The heart of the American Revolution, Boston became home to midnight rides and at least one wild tea party. Yet this spirit of rebellion is tempered by a deep conservatism that has shaped the urban landscape since the 19th century. Drive through the South End, with its rows of Victorian-era townhouses, or up past the brick federals on Beacon Hill, and you might begin to think that the independent spirit of the city’s founders lives on mostly in the local driving habits.
Now, galvanized by the Big Dig—the nearly $15 billion effort to push underground a grim elevated highway that cut through downtown—Boston is undergoing the most radical urban changes in its history. Not only has the city center been reunited with its waterfront for the first time in 50 years, but the reclaimed land along the shore is being developed into a greenway (albeit with less green than originally expected). In a ripple effect, the Seaport District, a wasteland of parking lots on the far side of the highway, is being redeveloped along with the South Boston waterfront, where old industrial buildings are being converted into lofts and restaurants.
Alongside these megaprojects, smaller-scale change is transforming the neighborhoods that make up metropolitan Boston. With no room left to grow in Cambridge, Harvard University is expanding across the river into Boston’s Allston neighborhood. Up the river, a building boom at and around MIT has produced Frank Gehry’s Ray and Maria Stata Center, Steven Holl’s Simmons Hall dormitory, and Behnisch, Behnisch & Partner’s Genzyme Center, which pushed the envelope on green building.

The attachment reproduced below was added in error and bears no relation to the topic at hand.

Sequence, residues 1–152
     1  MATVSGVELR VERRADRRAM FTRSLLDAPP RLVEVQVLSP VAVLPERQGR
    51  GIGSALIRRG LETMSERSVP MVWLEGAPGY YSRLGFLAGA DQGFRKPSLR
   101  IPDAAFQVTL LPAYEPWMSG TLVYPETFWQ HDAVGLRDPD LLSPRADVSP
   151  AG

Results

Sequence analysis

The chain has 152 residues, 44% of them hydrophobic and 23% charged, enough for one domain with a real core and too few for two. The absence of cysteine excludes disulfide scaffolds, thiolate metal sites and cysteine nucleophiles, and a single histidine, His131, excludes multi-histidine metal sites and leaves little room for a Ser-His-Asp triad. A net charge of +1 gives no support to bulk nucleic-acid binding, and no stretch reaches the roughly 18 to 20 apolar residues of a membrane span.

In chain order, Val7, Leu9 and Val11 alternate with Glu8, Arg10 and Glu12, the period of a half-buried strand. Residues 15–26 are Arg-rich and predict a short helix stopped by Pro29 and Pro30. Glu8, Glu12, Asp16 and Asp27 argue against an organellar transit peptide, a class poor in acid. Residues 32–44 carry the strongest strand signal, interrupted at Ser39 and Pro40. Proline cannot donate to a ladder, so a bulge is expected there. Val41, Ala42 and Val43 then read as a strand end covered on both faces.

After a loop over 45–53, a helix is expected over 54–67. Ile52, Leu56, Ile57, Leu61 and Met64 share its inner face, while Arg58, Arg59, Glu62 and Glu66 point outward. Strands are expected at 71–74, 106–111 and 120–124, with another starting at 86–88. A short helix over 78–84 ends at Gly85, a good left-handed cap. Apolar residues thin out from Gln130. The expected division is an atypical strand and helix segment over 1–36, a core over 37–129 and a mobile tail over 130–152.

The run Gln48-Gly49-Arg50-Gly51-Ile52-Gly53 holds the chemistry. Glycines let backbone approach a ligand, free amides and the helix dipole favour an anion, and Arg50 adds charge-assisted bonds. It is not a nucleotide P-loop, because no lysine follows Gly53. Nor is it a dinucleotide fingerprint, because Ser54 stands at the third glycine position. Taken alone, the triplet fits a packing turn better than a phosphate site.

Bostonians typically cast a skeptical eye on urban change. When the oil company Citgo tried in 1983 to dismantle its corporate neon sign, opponents mobilized to have it declared a historic landmark. More recently, defenders and critics of City Hall have come to blows over its 1960s Brutalist-style architecture. And the Big Dig is not exempt: Before the delays and the cost overruns, and long before a woman was killed in the collapse of part of a new tunnel last summer, civic discontent had convinced the transportation department to erect a sign reading, "Rome wasn’t built in a day. If it was, we would have hired its contractors." But what kind of city will Boston be when the hard hats go home? It’s a question of great interest to Nicholas Baume, chief curator of the new Institute of Contemporary Art.
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